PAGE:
Daley's office has brought together commissioners of key departments asking each to develop its own implementation strategy of the Climate Action Plan — and to report back quarterly on their progress.
One problem is that the plan applies only to the city of Chicago — home to 2.9 million people in a metropolitan region of 9.6 million. But Daley, founder of the 273-member Chicago Metropolitan Mayors Caucus, did order climate baseline study for the entire region and created a "Greenest Region Compact" asking other municipalities to join. In a 2007 meeting of the Caucus, suburban mayors voted unanimously to recommend that the region's 9 Councils of Government approve the green compact. Malec-McKenna confirms that the region's other communities are closely tracking the city's climate efforts.
A better city
David Orr, a leading environmental author and professor of Environmental Studies at Oberlin College, was invited to Chicago to assess the Climate Action Plan. His judgment: "It's a savvy, practical plan to get things done. It's as good as it gets for urban planning on climate issues," although he adds that the program should be expanded to involve more local school children. "The effect on Chicago would be just spectacular."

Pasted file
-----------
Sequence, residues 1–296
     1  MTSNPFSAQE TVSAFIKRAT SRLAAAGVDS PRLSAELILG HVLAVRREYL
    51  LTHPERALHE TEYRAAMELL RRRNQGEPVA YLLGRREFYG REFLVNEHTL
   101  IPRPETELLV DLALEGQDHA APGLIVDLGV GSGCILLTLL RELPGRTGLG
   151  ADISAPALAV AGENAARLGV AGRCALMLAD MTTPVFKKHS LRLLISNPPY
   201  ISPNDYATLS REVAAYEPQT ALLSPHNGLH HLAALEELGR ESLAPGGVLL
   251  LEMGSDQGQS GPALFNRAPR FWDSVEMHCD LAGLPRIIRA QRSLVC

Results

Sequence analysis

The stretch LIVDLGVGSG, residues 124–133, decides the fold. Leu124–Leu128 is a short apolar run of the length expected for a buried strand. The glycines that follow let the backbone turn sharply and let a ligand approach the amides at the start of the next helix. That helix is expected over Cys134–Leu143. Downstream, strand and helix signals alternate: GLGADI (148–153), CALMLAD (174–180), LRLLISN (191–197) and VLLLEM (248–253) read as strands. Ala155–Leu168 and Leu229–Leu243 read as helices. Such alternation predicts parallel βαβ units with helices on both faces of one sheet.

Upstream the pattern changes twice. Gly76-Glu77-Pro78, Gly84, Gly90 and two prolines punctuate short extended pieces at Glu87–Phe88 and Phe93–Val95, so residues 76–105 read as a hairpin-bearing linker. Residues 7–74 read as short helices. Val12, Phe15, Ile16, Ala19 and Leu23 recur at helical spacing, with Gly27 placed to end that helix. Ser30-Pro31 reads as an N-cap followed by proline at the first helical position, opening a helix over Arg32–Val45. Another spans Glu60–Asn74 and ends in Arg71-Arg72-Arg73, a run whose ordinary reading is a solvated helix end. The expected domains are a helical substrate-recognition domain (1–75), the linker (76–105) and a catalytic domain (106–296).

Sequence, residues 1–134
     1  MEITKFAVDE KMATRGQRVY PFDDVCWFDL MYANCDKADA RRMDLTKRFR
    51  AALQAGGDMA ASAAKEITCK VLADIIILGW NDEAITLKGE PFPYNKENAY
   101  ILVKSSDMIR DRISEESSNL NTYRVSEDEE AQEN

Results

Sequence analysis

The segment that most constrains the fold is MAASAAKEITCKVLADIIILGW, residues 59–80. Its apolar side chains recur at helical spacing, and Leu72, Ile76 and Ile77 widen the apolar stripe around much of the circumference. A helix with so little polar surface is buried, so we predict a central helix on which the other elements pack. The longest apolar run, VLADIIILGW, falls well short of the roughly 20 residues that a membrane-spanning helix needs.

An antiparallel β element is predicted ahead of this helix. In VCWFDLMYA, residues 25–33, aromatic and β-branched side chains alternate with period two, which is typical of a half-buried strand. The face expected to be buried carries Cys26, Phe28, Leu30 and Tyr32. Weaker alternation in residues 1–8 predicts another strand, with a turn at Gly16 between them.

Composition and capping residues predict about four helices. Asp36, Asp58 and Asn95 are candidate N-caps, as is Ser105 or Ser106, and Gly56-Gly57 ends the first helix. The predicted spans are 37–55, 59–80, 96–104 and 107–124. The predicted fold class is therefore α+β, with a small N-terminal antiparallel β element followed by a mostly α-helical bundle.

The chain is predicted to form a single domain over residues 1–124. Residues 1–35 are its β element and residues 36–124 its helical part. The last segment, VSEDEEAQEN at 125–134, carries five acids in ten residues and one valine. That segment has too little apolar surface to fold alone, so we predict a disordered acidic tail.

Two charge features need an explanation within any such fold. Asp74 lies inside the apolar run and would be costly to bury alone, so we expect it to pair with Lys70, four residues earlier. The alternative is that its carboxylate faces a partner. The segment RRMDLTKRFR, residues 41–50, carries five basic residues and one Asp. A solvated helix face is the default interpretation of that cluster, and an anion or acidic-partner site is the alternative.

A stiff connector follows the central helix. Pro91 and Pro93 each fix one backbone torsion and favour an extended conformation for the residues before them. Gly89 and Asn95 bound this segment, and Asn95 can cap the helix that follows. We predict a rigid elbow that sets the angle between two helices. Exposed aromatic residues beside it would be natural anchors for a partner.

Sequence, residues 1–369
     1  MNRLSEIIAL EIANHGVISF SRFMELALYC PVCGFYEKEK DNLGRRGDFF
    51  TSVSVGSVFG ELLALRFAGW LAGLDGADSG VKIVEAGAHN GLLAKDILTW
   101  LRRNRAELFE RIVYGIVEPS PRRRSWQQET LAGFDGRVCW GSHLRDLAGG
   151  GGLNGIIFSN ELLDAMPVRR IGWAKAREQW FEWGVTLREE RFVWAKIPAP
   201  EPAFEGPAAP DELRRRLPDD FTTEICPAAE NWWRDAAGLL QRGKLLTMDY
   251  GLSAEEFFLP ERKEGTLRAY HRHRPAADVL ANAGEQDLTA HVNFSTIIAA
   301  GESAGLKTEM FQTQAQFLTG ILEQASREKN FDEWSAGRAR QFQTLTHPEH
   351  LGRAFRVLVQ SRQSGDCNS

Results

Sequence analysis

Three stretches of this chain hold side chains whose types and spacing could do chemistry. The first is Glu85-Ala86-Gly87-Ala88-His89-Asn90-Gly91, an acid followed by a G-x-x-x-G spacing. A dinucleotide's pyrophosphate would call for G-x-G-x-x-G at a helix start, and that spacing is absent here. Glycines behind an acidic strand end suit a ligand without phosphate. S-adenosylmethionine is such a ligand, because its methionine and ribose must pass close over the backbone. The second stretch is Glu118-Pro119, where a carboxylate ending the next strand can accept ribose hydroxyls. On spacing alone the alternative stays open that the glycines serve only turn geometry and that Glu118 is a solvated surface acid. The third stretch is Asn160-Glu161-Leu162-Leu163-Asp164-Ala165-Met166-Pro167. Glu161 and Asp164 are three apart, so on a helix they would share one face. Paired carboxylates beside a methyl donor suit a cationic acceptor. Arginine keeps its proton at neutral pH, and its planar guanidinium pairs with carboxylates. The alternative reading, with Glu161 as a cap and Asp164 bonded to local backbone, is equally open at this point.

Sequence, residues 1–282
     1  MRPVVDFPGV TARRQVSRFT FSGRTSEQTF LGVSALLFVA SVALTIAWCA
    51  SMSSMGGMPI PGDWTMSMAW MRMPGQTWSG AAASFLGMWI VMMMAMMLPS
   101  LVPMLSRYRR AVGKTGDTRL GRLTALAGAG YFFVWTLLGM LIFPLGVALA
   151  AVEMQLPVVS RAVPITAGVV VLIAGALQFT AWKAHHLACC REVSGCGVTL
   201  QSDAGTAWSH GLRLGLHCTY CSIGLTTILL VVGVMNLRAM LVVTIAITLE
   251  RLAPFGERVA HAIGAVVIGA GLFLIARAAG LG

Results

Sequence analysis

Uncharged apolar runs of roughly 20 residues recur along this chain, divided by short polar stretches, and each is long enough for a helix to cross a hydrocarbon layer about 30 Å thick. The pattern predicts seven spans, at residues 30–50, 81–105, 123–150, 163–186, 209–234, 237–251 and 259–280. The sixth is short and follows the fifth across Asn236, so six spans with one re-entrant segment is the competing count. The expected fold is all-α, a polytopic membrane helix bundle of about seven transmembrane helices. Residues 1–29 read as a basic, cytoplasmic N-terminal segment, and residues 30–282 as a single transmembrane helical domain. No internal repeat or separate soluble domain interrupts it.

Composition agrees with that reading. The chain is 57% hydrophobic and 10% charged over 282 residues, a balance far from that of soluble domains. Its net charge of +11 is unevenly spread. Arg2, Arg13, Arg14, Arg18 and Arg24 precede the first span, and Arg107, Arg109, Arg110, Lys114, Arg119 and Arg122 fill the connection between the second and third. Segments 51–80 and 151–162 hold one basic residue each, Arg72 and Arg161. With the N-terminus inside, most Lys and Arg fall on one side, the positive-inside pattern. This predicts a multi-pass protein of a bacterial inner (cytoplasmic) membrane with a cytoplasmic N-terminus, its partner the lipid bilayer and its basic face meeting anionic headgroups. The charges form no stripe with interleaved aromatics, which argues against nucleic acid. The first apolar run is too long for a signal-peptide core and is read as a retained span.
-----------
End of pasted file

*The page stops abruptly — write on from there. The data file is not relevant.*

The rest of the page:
Suzanne Malec-McKenna agrees that the educational dimension is important, not just for kids but everyone. "If you talk about the polar ice caps melting, that's not as effective as talking about the growing incidence of asthma and the overall quality of life here in Chicago."
Indeed Jen McGraw, climate change program manager for the Center for Neighborhood Technology, who participated in the plan's research, says one of the most important breakthroughs is the way the plan frames the entire subject of climate change.
"This is not just saving the environment, it's also about making a better city," he said, " — one that's more efficient, greener, more economically competitive, more livable. For people, these programs to lower utility bills and offer more alternatives to driving actually saves a lot of money."
Jay Walljasper, senior Citiscope Editor; writer and speaker; former editor of the Utne Reader and Ode Magazine